Syria couldn't destroy ISIS with air power, but we can?

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tags: ISIS



Andrew Meyer is a professor of history at Brooklyn College. He blogs at Madman of Chu.

When , on the eve of the thirteenth anniversary of 9/11, President Obama addressed the nation about the threat of ISIS, it underscored the extent to which the world has changed and the parameters of foreign policy have shifted. Today the U.S. is faced with a complex and volatile globe. It is a world in which there are no easy choices or simple solutions. 

The threat of ISIS is real and the President struck the right tone in signalling America's determination to confront it. It was also reassuring to hear the President declare that U.S. action against ISIS would not be undertaken in cooperation with or to the benefit of the Assad regime in Syria. But such circumspection concerning the Assad regime will not suffice in formulating a credible and effective strategy against ISIS. ISIS and the Assad regime are mutually reinforcing pathologies, and neither one of them can be redressed in isolation from the other.

This principle is a natural extension of the President's own logic. He insisted that the Iraqis had to form a new, more inclusive government as a precondition for US assistance against ISIS, on the assertion that the exclusive and discriminatory policies of the al-Maliki regime had fueled ISIS's rise. As I wrote previously, this argument was empirically weak, as the Iraqi military's lack of air power goes much farther toward explaining why it performed so badly against ISIS than the political profile of the al-Maliki government.

Where a political explanation is not persuasive in the case of Iraq, however, it is virtually the only way to understand ISIS's purchase in Syria. The Assad regime has all of the modern weaponry that the Iraqis lack, and at one time controlled Syrian society with an iron fist. The only reason ISIS has been able to invest so much Syrian territory despite the overwhelming tactical advantage of the Assad regime and its military is that, in the wake of the Arab Spring, the legitimacy of the Assad government has collapsed in the eyes of a critical majority of Syria's people, who will no longer tolerate living under its rule. 

If there was ever any argument that political change was necessary in Iraq in order to contend with ISIS (and there admittedly was, albeit provisionally), that argument is exponentially more forceful in the case of Syria. President Obama promises to bring massive U.S. air power against ISIS, and this is no doubt the right course. But events in Syria up to now prove that air power will not be enough. The Syrian government, which is much closer to the scene of ISIS's activity and has greater intelligence and human assets to bring to bear, has been using air power against ISIS to no avail. As long as the Syrian people perceive ISIS to be an effective opponent to the Assad regime (that is, as long as the Assad regime exists), they will provide ISIS with enough support to survive in the face of superior firepower.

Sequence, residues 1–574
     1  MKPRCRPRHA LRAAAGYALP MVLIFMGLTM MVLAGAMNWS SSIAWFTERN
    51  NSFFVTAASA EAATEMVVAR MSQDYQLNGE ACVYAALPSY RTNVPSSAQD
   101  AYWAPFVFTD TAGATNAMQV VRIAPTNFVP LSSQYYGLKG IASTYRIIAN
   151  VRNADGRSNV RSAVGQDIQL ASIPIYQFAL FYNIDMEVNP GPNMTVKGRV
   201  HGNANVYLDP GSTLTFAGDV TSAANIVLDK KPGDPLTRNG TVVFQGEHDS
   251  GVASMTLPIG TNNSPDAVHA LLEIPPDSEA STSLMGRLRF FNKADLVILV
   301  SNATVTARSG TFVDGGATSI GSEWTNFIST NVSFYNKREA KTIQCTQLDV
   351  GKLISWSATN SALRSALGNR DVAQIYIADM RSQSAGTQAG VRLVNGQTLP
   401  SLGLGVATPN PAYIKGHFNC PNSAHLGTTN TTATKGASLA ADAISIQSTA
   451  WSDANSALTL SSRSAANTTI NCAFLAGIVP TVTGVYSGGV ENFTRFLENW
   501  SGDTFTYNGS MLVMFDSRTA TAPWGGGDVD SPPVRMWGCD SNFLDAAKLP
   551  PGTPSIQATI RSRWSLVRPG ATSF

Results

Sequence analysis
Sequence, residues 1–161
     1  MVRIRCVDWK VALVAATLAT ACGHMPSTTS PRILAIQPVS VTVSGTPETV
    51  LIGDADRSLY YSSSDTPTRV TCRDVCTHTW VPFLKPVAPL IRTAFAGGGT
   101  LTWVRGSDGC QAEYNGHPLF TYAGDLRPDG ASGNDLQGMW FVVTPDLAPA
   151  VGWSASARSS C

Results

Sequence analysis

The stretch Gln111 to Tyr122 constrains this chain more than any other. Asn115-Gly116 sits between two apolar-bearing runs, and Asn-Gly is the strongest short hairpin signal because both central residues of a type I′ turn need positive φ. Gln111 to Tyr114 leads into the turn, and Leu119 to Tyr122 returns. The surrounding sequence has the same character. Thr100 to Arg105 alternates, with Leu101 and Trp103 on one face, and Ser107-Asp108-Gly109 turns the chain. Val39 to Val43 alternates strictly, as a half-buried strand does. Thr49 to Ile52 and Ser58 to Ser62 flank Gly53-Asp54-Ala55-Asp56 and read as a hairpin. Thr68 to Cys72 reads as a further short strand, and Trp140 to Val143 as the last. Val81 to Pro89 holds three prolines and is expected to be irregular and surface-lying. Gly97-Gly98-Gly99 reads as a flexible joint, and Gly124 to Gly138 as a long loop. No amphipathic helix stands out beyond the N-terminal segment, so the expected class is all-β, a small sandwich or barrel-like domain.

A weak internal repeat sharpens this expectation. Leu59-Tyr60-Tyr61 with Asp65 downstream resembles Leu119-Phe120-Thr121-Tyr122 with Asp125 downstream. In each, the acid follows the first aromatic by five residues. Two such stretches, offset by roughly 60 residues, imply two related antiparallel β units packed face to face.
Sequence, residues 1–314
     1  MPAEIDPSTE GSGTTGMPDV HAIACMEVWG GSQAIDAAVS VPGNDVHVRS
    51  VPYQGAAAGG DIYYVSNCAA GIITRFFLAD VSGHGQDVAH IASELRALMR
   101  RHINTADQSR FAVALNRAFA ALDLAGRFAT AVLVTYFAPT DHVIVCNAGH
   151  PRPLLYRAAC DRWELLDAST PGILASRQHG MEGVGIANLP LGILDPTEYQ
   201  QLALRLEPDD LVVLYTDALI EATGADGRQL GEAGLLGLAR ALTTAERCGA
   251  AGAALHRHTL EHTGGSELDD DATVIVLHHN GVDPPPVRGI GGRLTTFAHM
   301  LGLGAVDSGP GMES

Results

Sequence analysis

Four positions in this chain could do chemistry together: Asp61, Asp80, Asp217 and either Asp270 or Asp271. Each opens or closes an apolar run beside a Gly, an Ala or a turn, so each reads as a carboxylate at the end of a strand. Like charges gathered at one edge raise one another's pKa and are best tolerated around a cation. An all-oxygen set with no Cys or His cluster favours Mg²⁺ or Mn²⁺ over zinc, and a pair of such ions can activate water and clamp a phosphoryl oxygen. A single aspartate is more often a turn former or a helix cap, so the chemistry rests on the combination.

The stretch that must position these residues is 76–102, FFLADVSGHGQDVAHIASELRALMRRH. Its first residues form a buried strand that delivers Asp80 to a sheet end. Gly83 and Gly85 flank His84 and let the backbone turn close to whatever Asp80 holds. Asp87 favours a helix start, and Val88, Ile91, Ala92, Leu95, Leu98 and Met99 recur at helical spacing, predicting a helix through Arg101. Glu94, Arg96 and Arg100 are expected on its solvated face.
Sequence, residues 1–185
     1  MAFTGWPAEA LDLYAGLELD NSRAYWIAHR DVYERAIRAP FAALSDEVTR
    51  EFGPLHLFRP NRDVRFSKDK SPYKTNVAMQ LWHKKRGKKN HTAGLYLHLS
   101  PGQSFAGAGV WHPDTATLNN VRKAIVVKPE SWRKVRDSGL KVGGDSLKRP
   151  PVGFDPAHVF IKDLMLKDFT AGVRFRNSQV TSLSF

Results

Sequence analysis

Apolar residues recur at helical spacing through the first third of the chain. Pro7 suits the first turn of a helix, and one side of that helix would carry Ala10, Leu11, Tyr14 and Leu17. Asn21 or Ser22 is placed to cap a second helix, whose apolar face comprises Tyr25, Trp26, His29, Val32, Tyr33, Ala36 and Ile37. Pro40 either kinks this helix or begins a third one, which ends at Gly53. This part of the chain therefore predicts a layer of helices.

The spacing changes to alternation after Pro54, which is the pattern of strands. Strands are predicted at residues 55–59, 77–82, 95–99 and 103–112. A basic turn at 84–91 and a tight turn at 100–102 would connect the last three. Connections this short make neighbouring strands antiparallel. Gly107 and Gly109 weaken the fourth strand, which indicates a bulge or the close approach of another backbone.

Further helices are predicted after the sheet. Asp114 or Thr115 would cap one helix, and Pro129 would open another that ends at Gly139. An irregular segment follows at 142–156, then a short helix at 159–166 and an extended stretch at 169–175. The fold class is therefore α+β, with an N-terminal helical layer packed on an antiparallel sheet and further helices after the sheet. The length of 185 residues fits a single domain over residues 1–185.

Final defeat of ISIS will thus require a strategy that combines tactical and political elements. If the U.S. is to truly commit to the final destruction of ISIS, it must simultaneously commit to an end to the Syrian civil war. If the threat posed by ISIS was so grave that we could refuse protection to Iraq, an ally we had occupied for 10 years, in order to assure the conditions for ISIS's defeat, it is a short leap to insist that the Syrian government, one which has been hostile to the U.S. for decades, must undertake changes in the interest of U.S. national security. 

Whether the U.S. acknowledges it or not, by declaring war on ISIS it has become a combatant in the Syrian civil war. As such, it should explicitly lay out the terms of its involvement in the Syrian conflict. Effective immediately Syria should be declared a no-fly zone for the aircraft of the Assad regime. Assad forces should understand that if they launch ground operations against the Free Syrian Army or its allies they will be met with American air strikes. If Bashar al-Assad steps down and his regime submits to negotiations for the formation of a unity government with the Syrian National Council, a reconstituted Syrian military (and its air force) could join in partnership with the U.S. and its allies in the fight against ISIS. Unless and until that occurs the Syrian government should be treated as a hostile force.

These are audacious and risky policies, but they are the only course that has any hope of redressing the threat posed by ISIS. Any attempt to impose a purely tactical solution on the situation in Syria will result in an endless quagmire. Until the problem posed by the Assad regime is finally redressed, the chaos created by ISIS will continue to spin further out of control.




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